That sounds like a great deal. But lighten the load over time. When you are allowed to sell shares, do so to solidify the profit. The big risk comes when employers take advantage of such plans and wind up with a huge portion of their net worth in their company stock. Doing so puts them at risk on two fronts: 1. They are dependent on their company's health for their salary and 2. They are dependent on their company's health for much of their investments. Divest when you can and diversify.

      • Rahim says:

        Many thanks, Andrew! What you've said makes perfect sense.

        P.S. I just received your book in the mail last night and couldn't put it down!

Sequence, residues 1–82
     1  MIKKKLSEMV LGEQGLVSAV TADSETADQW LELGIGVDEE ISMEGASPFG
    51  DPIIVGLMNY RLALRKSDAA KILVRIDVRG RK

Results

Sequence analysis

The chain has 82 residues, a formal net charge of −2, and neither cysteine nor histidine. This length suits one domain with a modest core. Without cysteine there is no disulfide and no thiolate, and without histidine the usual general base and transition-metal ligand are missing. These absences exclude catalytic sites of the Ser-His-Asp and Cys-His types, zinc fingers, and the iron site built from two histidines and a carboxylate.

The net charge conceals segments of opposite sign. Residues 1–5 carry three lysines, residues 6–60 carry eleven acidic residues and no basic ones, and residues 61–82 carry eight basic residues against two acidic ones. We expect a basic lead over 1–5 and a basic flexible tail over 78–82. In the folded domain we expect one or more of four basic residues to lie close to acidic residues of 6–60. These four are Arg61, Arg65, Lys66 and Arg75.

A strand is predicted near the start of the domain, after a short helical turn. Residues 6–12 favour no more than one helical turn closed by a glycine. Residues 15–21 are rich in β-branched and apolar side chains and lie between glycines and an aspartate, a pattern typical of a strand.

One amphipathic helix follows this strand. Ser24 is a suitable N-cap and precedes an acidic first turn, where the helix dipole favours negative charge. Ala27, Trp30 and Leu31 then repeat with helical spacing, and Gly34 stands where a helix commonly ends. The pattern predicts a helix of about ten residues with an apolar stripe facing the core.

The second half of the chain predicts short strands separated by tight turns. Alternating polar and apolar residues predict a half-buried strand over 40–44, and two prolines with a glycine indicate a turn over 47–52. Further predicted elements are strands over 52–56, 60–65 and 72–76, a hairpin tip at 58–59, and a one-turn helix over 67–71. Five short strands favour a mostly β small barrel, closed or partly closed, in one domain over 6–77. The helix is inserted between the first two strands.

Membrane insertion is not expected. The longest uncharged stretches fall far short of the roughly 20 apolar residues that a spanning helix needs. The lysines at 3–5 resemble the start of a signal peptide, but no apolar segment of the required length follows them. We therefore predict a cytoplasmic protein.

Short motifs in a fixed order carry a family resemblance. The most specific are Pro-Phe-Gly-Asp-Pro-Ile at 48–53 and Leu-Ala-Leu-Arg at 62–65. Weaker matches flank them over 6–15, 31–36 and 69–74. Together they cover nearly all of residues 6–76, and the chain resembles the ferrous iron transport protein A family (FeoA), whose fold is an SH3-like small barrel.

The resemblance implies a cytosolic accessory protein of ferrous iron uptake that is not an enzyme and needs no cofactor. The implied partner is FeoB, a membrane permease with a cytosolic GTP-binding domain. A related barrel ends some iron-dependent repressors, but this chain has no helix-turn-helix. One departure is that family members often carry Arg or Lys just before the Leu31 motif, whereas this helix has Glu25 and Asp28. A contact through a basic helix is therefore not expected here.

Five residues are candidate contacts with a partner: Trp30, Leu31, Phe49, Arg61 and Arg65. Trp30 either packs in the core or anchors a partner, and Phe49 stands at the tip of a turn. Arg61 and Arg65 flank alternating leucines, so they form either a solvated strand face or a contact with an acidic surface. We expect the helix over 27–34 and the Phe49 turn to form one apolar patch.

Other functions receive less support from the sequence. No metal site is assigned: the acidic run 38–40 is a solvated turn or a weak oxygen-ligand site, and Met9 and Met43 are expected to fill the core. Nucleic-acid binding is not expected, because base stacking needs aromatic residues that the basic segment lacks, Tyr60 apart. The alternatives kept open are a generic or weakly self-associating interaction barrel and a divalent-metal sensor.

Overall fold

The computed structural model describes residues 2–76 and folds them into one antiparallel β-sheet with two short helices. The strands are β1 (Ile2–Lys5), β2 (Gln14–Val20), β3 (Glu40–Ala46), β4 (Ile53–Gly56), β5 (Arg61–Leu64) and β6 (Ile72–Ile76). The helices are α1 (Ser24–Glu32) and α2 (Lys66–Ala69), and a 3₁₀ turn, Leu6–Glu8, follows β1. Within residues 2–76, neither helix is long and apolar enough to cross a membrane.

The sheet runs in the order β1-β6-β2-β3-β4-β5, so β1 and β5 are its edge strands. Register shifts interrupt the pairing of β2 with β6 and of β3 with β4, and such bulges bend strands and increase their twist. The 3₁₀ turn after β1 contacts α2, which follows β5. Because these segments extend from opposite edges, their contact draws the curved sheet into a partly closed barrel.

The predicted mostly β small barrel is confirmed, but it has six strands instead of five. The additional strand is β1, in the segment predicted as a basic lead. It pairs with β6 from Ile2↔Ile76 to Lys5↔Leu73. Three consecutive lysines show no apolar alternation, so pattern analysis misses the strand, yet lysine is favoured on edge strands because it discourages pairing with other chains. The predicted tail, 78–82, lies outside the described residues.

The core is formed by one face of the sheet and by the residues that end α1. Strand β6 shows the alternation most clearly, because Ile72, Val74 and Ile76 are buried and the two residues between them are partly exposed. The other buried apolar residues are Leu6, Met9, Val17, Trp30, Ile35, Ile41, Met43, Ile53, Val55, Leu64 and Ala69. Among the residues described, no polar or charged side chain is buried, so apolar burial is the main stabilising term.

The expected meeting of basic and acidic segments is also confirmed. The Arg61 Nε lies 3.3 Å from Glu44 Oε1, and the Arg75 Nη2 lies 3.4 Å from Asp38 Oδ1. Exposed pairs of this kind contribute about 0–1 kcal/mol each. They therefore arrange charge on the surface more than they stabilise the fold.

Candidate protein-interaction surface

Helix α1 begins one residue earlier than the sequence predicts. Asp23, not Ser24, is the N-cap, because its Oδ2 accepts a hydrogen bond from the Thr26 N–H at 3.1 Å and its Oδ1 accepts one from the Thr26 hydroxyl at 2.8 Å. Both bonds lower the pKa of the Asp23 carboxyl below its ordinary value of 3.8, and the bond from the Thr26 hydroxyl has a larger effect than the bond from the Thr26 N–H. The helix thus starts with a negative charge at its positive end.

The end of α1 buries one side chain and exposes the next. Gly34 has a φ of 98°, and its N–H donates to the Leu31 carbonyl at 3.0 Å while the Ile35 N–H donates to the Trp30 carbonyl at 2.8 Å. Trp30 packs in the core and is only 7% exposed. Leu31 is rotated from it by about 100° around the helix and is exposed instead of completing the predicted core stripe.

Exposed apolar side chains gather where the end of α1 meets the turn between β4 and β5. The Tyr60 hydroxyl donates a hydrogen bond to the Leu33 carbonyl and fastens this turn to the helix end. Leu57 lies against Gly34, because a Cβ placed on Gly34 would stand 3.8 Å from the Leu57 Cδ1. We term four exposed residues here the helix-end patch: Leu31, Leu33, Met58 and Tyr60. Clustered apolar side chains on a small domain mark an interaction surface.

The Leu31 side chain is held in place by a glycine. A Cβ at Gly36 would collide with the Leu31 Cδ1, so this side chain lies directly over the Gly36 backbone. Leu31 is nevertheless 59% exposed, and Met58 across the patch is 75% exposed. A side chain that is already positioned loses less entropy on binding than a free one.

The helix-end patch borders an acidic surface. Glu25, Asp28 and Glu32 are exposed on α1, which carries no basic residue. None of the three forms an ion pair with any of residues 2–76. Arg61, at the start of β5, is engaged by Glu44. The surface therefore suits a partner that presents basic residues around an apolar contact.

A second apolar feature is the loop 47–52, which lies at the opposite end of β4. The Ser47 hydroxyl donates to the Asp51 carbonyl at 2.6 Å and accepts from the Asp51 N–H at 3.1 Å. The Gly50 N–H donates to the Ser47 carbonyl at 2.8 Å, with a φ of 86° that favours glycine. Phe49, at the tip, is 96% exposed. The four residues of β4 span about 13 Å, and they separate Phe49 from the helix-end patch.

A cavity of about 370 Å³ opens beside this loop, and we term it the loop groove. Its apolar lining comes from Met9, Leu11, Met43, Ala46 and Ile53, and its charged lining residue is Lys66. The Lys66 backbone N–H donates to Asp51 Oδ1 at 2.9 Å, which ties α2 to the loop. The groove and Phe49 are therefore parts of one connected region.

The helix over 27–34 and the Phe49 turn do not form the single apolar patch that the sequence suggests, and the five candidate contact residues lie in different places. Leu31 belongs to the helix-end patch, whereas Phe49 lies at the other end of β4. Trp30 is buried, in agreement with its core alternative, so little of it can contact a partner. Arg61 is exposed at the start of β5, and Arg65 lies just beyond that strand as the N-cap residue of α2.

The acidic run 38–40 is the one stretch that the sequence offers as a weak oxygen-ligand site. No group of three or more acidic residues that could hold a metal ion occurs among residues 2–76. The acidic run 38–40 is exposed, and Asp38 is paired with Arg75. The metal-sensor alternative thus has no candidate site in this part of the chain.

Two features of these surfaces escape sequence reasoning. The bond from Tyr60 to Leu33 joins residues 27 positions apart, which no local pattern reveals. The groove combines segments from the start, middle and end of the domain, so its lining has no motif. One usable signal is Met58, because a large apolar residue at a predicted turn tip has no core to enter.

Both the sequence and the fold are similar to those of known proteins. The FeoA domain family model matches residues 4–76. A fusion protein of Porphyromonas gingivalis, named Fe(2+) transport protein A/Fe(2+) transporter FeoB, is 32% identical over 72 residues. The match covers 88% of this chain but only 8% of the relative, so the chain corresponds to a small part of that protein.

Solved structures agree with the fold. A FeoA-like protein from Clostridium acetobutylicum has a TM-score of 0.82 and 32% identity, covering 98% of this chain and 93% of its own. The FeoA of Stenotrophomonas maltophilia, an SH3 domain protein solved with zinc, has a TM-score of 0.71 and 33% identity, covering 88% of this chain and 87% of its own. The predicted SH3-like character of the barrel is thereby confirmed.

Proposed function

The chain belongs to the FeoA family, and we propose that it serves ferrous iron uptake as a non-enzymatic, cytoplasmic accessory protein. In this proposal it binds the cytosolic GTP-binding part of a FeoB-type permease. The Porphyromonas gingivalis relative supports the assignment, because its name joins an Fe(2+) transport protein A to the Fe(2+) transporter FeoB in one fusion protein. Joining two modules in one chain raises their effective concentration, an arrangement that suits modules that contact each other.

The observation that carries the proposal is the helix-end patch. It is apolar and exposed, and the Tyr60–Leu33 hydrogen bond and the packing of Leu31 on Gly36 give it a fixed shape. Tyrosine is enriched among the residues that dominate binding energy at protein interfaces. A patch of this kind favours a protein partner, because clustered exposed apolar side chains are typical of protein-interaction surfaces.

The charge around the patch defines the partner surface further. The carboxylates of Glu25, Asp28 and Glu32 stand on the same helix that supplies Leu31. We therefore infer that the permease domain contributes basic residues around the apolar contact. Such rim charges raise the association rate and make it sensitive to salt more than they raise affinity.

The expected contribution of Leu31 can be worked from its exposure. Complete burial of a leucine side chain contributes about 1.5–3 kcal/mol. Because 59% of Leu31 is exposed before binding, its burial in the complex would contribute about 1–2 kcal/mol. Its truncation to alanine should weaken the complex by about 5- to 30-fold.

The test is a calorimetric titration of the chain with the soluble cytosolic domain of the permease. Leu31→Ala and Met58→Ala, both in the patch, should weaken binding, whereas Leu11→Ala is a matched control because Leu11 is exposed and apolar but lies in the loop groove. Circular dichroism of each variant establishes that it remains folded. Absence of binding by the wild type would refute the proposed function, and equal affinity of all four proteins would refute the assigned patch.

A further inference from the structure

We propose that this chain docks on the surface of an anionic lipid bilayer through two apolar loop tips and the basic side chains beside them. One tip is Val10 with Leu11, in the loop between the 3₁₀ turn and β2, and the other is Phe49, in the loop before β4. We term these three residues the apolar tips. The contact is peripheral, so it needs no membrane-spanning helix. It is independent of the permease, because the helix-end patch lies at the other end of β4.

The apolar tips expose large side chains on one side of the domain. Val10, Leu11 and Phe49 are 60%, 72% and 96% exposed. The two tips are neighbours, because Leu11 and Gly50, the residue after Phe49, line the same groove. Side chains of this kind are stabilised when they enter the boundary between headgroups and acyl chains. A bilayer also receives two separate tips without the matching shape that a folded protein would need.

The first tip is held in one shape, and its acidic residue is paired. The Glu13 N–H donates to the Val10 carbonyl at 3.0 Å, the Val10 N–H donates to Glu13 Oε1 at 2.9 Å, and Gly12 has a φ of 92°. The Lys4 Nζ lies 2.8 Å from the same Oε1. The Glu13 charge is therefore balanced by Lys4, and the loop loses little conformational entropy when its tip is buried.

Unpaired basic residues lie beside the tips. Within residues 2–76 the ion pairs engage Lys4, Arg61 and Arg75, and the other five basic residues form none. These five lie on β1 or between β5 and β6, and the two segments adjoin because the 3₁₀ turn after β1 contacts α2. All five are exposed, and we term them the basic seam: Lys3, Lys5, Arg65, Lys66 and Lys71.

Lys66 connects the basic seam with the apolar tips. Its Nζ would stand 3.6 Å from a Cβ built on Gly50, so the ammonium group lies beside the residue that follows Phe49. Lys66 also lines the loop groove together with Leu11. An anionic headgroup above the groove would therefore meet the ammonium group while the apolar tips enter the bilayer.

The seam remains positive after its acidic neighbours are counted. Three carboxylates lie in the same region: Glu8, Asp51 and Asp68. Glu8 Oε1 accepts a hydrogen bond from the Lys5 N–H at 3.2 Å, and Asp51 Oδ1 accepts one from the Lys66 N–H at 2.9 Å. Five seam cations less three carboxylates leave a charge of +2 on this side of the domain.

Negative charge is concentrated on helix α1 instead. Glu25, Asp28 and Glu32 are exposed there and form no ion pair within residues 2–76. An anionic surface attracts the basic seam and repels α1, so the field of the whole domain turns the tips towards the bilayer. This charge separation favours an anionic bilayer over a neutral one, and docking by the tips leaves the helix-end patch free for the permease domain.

4. Leila says:

    Hi Andrew!
    Interesting post, as usual!
    I’m not sure if this is even relevant, but I want to make sure I’m not missing something:
    In Millionaire Teacher, you recommend TDB905, which is an Intn’l Stock Index that is Currency Neutral. For the US Stock Index, you recommend TDB902, which is the plain-jane version, even though it has a Currency Neutral option too. Should I then avoid the Intn’l Currency Neutral fund and opt for the regular one (TDB911)? Or is there a strategy here I’m not seeing? 🙂
    Ever a fan,
    Leila

    • Hi Leila,

      Opt for the non currency hedged version when possible for all international/U.S. stock indexes. I should have insisted on that, in my book, rather than showing this inconsistency.

      Thanks,

      Andrew